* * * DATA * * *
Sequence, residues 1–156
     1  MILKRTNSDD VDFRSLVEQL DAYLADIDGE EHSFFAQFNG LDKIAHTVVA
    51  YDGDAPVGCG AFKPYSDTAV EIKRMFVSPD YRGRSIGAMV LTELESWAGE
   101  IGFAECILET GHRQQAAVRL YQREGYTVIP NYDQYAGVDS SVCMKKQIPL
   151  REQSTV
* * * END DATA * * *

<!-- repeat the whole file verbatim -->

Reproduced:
Sequence, residues 1–156
     1  MILKRTNSDD VDFRSLVEQL DAYLADIDGE EHSFFAQFNG LDKIAHTVVA
    51  YDGDAPVGCG AFKPYSDTAV EIKRMFVSPD YRGRSIGAMV LTELESWAGE
   101  IGFAECILET GHRQQAAVRL YQREGYTVIP NYDQYAGVDS SVCMKKQIPL
   151  REQSTV